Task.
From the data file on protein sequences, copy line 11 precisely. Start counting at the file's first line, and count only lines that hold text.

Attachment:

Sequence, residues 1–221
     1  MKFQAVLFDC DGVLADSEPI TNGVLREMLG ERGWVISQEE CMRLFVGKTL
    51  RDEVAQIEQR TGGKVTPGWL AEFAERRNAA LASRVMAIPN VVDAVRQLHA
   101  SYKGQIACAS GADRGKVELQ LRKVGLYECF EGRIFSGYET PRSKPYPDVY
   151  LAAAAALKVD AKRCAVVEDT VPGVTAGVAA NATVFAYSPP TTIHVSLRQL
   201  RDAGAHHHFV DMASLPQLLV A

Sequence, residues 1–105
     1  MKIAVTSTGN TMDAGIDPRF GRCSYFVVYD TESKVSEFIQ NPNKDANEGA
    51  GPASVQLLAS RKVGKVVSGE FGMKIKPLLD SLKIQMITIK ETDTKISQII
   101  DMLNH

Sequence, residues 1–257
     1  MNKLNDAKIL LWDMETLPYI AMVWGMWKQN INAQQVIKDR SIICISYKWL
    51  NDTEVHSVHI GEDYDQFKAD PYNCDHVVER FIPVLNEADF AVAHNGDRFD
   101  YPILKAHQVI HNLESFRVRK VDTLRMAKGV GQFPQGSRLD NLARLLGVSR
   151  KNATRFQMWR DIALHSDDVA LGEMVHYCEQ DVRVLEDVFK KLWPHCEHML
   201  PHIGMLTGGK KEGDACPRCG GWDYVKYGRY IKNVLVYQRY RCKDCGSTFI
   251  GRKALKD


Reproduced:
Sequence, residues 1–257